Evanston woman promotes tree care
Evanston resident Wendy Pollock and others are hoping to bring Openlands TreeKeepers program to Evanston. | Photo courtesy of Wendy Pollock
If You Go
What: First meeting of Openlands TreeKeepers in Evanston
When: 7 to 9 p.m. Nov. 14
Where: Evanston Ecology Center, 2424 McCormick Blvd.
Who: Everyone is invited to attend
Updated: December 9, 2012 6:12AM
EVANSTON — Like a number of Chicago area residents, Wendy Pollock participated in the Openlands TreeKeepers program, a successful program that has many people caring for trees, particularly within the city limits of Chicago.
She is taking a lead role in bringing the Openlands TreeKeepers program to Evanston. The goal is to help mobilize and empower residents who want to do more to keep the urban forest healthy and growing. Citizen involvement with the care of trees in urban areas is especially important in a time of budget constraints, even more so now when trees are under increasing pressure from invasive pests and disease and severe weather.
Pollock, 62, a three-year resident of Evanston, spoke about the first-time program in a recent interview.
Q. What are some of the things you gained from t h e Openlands TreeKeepers?
A. TreeKeeper classes are a great opportunity to learn about basic tree biology, threats trees are facing, and what we can all do to help care for them. They’re also a way to meet and work with some very dedicated people. I highly recommend them. Trees are under a lot of pressure these days — from invasive pests like the emerald ash borer and diseases like Dutch elm — and they’re also under threat from extreme weather that’s becoming more common, like the drought we saw this summer. They need our help more than ever.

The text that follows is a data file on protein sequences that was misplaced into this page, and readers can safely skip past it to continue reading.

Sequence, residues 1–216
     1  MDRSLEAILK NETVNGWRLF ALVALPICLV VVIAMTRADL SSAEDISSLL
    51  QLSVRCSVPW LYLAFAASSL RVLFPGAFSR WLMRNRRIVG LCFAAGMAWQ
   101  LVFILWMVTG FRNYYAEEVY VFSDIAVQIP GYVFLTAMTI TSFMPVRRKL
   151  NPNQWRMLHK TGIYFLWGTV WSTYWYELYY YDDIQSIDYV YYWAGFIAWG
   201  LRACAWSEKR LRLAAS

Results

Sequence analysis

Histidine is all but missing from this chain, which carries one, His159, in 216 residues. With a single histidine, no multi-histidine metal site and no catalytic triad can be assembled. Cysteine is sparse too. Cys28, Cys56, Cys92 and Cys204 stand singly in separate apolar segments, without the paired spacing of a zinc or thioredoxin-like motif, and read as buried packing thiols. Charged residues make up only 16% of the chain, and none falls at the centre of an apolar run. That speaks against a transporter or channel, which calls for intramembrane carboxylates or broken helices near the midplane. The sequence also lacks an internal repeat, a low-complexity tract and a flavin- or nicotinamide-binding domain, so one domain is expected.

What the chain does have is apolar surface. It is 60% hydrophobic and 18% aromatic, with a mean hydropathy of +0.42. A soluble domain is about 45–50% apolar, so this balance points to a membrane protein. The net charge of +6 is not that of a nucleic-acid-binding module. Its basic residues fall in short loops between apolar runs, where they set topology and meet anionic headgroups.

Q. Why is taking care of trees in our interest?
A. There are so many benefits from trees, especially in urban areas. They help clean and cool the air, they slow storm water runoff. They even have important psychological benefits. Research has shown that people feel safer when trees are around, and they’ll even travel farther and stay longer in business districts that have trees.
Q. Isn’t it the city’s responsibility to worry about trees?
A. The city is responsible for some 30,000 trees on parkways and other public lands. But the city can’t water every tree. There’s so much we can do as citizens to help keep public trees healthy — and to plant and take care of trees around our own homes, too.
Q. You have a media project coming out on trees, drawing from your experiences working with science museums?
A. It’s called “The Truth About Trees: A Natural and Human History.” It’s a three-part series, which we expect to air in spring of 2014. It’s really vast in scope. It looks at the tree as an organism, the long relationship between people and trees, and the role of trees in the biosphere.
Q. So how do you feel about the term “tree hugger”?
A. I think it’s great. I think we should all hug trees. Where would we be without them?